MedicalResearch.com Interview with:
Andrea Hahn, M.D., MS
Infectious disease specialist and lead study author
Children’s National Health System
MedicalResearch.com: What is the background for this study? What are the main findings?
Response: People who have the genetic disease cystic fibrosis have increased sticky secretions in their lungs that put them at risk for repeated bacterial infections. They often will receive courses of intravenous antibiotics to treat more severe or difficult-to-treat infections associated with decreased lung function. However, not all patients fully recover their lung function after antibiotic treatment, despite directing antibiotic therapy toward the specific bacteria thought to be causing the infection. The goal of this study was to determine if the pharmacokinetics of commonly used antibiotics was associated with recovery of lung function.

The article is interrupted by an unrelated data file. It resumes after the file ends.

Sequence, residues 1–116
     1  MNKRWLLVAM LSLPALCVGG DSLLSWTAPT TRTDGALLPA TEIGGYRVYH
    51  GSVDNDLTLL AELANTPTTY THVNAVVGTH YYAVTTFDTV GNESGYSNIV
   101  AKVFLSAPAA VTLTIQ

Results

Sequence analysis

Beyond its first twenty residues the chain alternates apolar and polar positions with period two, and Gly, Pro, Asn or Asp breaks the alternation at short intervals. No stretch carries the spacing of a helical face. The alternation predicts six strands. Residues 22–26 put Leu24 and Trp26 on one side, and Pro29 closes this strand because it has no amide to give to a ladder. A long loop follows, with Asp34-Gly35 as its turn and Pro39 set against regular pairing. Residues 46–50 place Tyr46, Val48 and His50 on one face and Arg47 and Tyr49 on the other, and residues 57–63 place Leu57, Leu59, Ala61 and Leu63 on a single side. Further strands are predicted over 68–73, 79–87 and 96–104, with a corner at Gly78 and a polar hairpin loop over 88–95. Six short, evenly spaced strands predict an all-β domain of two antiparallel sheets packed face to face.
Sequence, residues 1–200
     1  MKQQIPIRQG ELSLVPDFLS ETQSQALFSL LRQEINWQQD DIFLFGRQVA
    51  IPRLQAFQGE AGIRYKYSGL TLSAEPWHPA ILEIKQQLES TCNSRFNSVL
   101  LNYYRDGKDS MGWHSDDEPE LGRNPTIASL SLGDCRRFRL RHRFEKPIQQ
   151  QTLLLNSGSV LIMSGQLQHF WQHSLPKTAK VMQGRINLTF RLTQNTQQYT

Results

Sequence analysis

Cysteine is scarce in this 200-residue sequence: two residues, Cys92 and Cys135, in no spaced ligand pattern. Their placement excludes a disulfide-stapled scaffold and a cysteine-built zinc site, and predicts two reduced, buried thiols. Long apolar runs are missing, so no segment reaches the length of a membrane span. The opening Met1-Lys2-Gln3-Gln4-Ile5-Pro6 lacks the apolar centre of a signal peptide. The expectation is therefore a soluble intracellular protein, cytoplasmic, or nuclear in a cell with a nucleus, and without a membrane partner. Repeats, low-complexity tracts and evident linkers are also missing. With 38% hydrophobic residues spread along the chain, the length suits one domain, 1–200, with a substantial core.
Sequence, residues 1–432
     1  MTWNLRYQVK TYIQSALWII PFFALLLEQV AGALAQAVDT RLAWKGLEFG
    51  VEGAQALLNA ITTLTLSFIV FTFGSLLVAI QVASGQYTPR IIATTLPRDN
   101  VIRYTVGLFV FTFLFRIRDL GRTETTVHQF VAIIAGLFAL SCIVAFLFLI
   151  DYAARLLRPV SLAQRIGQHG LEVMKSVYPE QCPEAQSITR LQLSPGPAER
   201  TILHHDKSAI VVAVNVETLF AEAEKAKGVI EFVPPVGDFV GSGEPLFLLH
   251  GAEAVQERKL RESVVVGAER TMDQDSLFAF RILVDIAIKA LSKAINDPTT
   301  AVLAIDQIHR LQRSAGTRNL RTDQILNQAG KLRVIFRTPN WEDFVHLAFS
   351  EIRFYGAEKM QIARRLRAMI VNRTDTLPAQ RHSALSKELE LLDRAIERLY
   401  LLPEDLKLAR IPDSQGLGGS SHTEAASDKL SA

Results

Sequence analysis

First, we found that patients with therapeutic blood levels of beta-lactam antibiotics had better lung recovery than patients with sub-therapeutic levels of these antibiotics.
Second, we found that using higher antibiotic dosing according to Cystic Fibrosis Foundation guidelines was not sufficient to predict which patients would have therapeutically meaningful blood levels of antibiotics. Continue reading